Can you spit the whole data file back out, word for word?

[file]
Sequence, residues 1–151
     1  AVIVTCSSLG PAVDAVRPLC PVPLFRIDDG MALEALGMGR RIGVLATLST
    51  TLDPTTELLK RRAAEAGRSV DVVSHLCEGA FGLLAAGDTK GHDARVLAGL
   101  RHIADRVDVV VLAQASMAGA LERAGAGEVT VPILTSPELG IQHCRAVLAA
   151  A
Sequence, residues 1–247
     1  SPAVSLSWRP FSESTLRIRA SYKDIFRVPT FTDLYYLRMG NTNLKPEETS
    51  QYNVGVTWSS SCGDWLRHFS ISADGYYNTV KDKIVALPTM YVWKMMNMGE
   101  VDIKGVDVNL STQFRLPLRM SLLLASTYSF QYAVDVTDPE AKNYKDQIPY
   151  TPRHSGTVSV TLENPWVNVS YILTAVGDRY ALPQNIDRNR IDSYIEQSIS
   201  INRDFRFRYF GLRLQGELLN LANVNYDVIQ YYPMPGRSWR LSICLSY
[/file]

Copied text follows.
Sequence, residues 1–151
     1  AVIVTCSSLG PAVDAVRPLC PVPLFRIDDG MALEALGMGR RIGVLATLST
    51  TLDPTTELLK RRAAEAGRSV DVVSHLCEGA FGLLAAGDTK GHDARVLAGL
   101  RHIADRVDVV VLAQASMAGA LERAGAGEVT VPILTSPELG IQHCRAVLAA
   151  A
Sequence, residues 1–247
     1  SPAVSLSWRP FSESTLRIRA SYKDIFRVPT FTDLYYLRMG NTNLKPEETS
    51  QYNVGVTWSS SCGDWLRHFS ISADGYYNTV KDKIVALPTM YVWKMMNMGE
   101  VDIKGVDVNL STQFRLPLRM SLLLASTYSF QYAVDVTDPE AKNYKDQIPY
   151  TPRHSGTVSV TLENPWVNVS YILTAVGDRY ALPQNIDRNR IDSYIEQSIS
   201  INRDFRFRYF GLRLQGELLN LANVNYDVIQ YYPMPGRSWR LSICLSY